Wednesday, April 11, 2012

The newest registries in archives, part II - marriage records

This post is the first one about the structure of the records - which information they contain, how the information is structured, why this information is included and so on. Let's start with the marriage records as those are quite often the starting points for the research.

Marriage records
I have already described the customs which were connected to marriage. As written there the marriage took place mostly in the parish where the bride was from. This is the place where you have to search for the marriage. The place is mostly written in the birth certificate as the place where mother's parents were from. There are some excemptions of course. The widower ofter married in his own parish, even if the bride was from another one.

First of all there is a date of marriage. It's often followed by the dates of triple banns which usually took place three Sundays before the marriage.

Then there is the house number. Later records have two of them - one for groom, another for bride. This number means the house where the groom / bride lived in when the marriage took place. If there is only one number shown, it's usually the one where the bride lived. There is sometimes also name of the village written next to the house number, but not always. 

The information about the priest who married the couple is often written right under the date of marriage. Later registries have a column for the priest name, as well as his rank (chaplain, vicar, dean etc.).

Information about the groom follows. The structure quite often is: name and surname (or surname and name), occupation (or social status) in village name, legitimate son of father's name, father's occupation in village name, and mother's name and maiden name from village name. Here is an example from the image above: Antonín Havlíček, day labourer in Řícmanice, legitimate son of František Havlíček, house owner from Řícmanice, and Marie nee Šurelová.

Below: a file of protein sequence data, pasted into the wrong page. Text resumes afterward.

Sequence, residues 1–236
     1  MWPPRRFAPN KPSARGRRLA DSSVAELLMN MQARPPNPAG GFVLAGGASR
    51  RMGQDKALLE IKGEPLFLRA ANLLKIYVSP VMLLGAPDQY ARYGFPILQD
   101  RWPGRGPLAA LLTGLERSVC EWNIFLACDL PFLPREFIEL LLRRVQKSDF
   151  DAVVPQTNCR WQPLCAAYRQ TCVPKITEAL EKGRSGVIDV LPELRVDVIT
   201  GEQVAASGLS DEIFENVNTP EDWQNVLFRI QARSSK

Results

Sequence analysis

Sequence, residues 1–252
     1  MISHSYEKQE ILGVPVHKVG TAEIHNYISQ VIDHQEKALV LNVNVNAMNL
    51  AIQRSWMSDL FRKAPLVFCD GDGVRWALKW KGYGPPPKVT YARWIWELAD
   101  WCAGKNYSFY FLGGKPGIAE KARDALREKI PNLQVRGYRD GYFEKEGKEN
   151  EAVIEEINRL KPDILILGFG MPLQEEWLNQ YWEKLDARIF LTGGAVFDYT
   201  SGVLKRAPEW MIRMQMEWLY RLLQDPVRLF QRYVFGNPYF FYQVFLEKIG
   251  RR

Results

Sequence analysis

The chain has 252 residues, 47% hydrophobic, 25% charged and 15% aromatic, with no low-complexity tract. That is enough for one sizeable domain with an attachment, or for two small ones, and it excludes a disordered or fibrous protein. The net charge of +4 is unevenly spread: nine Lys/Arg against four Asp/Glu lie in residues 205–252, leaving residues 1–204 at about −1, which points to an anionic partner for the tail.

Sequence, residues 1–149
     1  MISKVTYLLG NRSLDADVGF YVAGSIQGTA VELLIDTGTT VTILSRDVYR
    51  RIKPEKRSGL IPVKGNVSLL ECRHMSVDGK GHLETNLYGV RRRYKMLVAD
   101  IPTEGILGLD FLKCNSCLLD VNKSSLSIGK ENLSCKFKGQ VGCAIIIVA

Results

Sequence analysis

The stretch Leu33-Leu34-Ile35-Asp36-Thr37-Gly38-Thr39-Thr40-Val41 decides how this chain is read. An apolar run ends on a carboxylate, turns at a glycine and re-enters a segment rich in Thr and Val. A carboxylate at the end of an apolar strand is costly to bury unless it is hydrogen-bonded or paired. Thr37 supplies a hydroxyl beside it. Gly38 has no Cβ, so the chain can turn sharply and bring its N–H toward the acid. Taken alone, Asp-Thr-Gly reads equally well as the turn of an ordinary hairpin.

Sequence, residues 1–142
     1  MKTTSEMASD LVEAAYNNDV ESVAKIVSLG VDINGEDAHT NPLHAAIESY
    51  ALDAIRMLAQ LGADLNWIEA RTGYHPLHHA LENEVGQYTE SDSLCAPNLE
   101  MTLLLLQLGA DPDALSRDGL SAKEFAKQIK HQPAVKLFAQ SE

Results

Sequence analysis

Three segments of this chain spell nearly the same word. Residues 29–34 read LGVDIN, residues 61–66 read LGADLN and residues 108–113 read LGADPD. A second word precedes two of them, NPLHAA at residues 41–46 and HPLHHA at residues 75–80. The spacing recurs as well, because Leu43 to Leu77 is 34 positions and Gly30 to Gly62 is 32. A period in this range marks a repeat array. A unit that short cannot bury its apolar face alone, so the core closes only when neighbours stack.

Then there usualy are three columns (two of them doubled) - religion, age and status. Religion could be catholic or non-catholic (in catholic registries) and helvetian or augsburg (in protestant registries). Age is often shown only in years. You can find there exact date of birth from cca 1895. Status could be single or widowed.

The structure of the information about the bride is almost the same, only the occupation is excluded as it was not usual for a woman to have any occupation. The example above shows: Aloisie, legitimate daughter of Jan Cvilínek, owner of one quarter hide of land in Bukovina, and Anna nee Prachařová. The columns with religion, age and status follow.

The information about the witnesses is written down after the information about the bride. There are shown their names, occupation and place where they live. There were usually two witnesses, but it can happen that there were more of them (I have seen four as a maximum).

The record usually contains some more information - often about documents which were needed for the marriage - as confirmation about marriage banns from the parish where groom was from, information about the birth certificates which the couple had to bring in if they were from different parish. Agreement from the father was also included if the bride or groom were younger than 24 years of age.

There is quite a lot of information included in the records and thanks to it it's easier to track the family history. Well, at least in the 19th century... :o)

1 comment:

  1. Blanka:thanks a lot for all this beautiful information that you share with us.
    my ancestors BALIK come from ZNOJMO,in south moravia.
    all the best!!!